Robert Knorpp is host of The BeanCast Marketing Podcast at and is President of The Cool Beans Group, a marketing strategy consultancy based in New York City. He likes laughing even more than breathing. You can follow the madness on Twitter at
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2 Responses to The Difference Between Talent and Passion

  1. Judea i Lawton July 13, 2011 at 5:50 pm #

    You must live life to the fullest, and yes, at times it can get a bit frightening. G-d is love, and will sustain those who fill there hearts with love. He is not the source of fear. If you love something you should move with confidence towards it, knowing that G-d will provide for you. Recently, I went to Philadelphia for the July 4th, 2011 festivities, and did not want to come right back home, but I could not afford to stay in a hotel. I stayed outside all night on the first night, and then I went to the Salvation Army, and asked if they knew of somewhere I could stay at night, until I was ready to go home. A woman at the front desk made a phone call for me. She spoke to someone who told her to send me to them. I took the address, and phone number, and I read that it was a “walk in shelter”. I had reservations about going there. My reservations left as I realized that I truly wanted to be in Philadelphia , and I really wanted to learn more about my Founding Fathers. The tours in Philadelphia are free of charge. I decided to be courageous, and go to this shelter. It was absolutely “no frills”. All I got was a mat, and a place to sleep on the floor with about 50 other people. The experience was a good one. I got over my fear of shelters, and I realized that most of the people there just wanted a free place to stay for the night. Nothing bad happened. I stayed there until Friday, and I enjoyed my visit to Philadelphia. I went on all the free tours, and on Friday gathered with others outside Independence Hall to hearing a public reading of the Declaration of Independence. Had I let fear rule me, I would have missed being where I wanted to be, and doing what I wanted to do. I came back to Washington, DC with a renewed sense of purpose. I also discovered that the Founding Fathers wanted a Government that had an emphasis on “Happiness.” I am a Docent at the Library of Congress, and I have been leading tours there of 3 years. The Charters of Freedom, Our Nations Documents, in their rough drafts are viewed during my tours, and I can now provide a clearer prospective about the kind of world our Founding Fathers wanted for the citizens of this country. They wanted us to be free, and happy. They are gone now, It is up to us to finish this work of building a country where EVERYONE can have the opportunity to realize their dreams.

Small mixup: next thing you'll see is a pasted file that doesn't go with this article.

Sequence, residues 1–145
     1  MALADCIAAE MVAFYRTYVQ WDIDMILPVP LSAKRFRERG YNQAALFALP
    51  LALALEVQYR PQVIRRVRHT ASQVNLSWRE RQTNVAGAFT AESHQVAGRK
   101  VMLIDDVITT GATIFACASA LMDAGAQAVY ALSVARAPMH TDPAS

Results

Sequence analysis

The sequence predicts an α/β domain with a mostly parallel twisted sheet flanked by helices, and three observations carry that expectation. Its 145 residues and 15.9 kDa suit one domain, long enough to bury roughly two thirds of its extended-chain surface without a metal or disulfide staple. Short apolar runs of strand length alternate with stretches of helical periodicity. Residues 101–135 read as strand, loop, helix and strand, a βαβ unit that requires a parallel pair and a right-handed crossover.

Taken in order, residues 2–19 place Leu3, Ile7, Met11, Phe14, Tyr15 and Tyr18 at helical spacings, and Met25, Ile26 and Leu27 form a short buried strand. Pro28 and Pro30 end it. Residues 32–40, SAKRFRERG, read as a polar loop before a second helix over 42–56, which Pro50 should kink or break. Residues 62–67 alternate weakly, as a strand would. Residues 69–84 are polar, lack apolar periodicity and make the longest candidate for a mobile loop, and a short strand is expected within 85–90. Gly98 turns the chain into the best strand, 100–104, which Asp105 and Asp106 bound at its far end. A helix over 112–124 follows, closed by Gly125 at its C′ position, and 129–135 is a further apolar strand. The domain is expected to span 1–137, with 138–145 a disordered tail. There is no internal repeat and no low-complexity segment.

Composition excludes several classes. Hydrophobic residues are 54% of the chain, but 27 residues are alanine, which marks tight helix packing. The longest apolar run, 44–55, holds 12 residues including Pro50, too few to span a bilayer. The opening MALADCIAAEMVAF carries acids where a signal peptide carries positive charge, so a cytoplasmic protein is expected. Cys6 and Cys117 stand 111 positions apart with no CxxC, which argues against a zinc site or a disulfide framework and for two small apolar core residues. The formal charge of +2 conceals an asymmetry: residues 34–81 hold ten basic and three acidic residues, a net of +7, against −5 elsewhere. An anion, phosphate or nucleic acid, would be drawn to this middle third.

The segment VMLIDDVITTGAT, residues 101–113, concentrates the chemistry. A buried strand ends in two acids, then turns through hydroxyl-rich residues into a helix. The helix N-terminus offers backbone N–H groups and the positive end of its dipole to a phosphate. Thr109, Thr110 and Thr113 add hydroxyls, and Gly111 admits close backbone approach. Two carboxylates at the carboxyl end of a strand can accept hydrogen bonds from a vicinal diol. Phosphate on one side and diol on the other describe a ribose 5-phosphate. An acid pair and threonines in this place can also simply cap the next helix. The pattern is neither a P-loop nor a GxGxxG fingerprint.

2. Nikhil November 26, 2012 at 5:34 pm #

    Hi Bob…Read your piece…Awesome! Liked that line about Talent alone is a fleeting pacifier! So if its passion one needs to be after, how do I identify what my passion is?